NCPA - National Center for Policy Analysis

Private Debt Is Crippling the Economy

August 14, 2012

Many economic pundits in America have focused their gripes about economic growth in several staid categories, such as monetary policy, the struggling housing market, income inequality and the federal deficit. These are legitimate causes of economic stagnation, but there is another category that is having an outsized negative impact on growth: privately held debt, says Anthony Randazzo, the director of economic research at the Reason Foundation.

Debt isn't inherently a bad thing. The biggest challenges of debt come when loans are taken out irresponsibly (such as no income job, no job mortgages), when money is borrowed for consumption rather than investment (such as credit card debt) and when lenders are guaranteed a return of their money by law even in the case of bankruptcy (such as student loans).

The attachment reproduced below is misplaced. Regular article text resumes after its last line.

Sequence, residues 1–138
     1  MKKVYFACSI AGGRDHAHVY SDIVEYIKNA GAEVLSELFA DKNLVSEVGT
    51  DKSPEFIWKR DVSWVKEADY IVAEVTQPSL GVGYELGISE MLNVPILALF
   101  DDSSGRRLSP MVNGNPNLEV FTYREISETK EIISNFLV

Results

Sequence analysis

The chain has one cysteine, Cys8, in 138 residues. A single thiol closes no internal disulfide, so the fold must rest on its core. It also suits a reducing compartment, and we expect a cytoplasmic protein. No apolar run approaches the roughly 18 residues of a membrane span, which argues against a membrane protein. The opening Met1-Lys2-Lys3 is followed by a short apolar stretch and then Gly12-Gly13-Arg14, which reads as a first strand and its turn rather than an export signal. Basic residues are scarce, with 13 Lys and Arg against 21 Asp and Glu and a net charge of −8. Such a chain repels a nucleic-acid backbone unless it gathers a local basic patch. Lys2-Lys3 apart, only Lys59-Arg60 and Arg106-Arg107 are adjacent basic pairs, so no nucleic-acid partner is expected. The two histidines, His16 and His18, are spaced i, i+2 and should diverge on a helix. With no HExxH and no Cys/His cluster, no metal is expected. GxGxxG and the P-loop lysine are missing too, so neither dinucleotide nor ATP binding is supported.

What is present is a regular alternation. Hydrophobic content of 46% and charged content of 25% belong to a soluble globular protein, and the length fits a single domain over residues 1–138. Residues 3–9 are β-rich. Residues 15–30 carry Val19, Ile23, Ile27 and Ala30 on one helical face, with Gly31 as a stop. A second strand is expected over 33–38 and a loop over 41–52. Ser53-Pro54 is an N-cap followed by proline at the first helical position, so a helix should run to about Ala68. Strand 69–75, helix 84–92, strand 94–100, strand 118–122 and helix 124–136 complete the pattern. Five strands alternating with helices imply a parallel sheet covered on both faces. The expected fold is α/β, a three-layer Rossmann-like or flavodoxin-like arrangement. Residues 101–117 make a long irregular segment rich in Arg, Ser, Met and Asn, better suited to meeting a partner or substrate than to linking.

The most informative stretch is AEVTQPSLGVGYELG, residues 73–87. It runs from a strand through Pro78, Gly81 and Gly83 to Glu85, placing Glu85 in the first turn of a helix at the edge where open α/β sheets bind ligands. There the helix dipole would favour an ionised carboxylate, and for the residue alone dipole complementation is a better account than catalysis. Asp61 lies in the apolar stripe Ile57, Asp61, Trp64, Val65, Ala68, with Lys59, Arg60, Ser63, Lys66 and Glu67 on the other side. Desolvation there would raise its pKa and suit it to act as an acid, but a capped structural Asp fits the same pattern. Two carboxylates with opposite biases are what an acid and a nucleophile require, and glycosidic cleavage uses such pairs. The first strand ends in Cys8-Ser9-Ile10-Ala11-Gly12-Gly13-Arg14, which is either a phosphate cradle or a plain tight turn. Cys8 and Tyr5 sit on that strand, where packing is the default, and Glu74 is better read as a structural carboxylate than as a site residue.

Unfortunately, all of those examples of irresponsible borrowing and lending are from the past few decades in America.

  • Since the mid-1990s, privately held debt has soared to record highs.
  • Promises that housing prices would rise forever deluded households into taking out big mortgages.
  • At the same time a bull market in equities and low interest rates for several years made the costs of borrowing appear inconsequential.
  • The bursting of the housing bubble left households with high levels of debt to deleverage or to take into bankruptcy court.

What is not widely recognized is that this debt level is also preventing the private sector from rebounding after the recession. Washington has tried to solve the problem by encouraging more borrowing to get the music going again. This is backward thinking.

Rather than public policy seeking to make borrowing cheaper, American leaders need to allow for household balance sheets to deleverage. That will mean short-term economic pain in exchange for a more robust economic growth period on the other side. And since the economy is in stall mode currently, the directly-associated pain will be muted anyway. Both President Barack Obama and his Republican opponent Mitt Romney are kidding themselves if they think they can inspire a recovery in the next several years without consumer credit levels falling and household debt levels coming down.

Source: Anthony Randazzo, "Private Debt Is Crippling the Economy," Reason Magazine, August 9, 2012.


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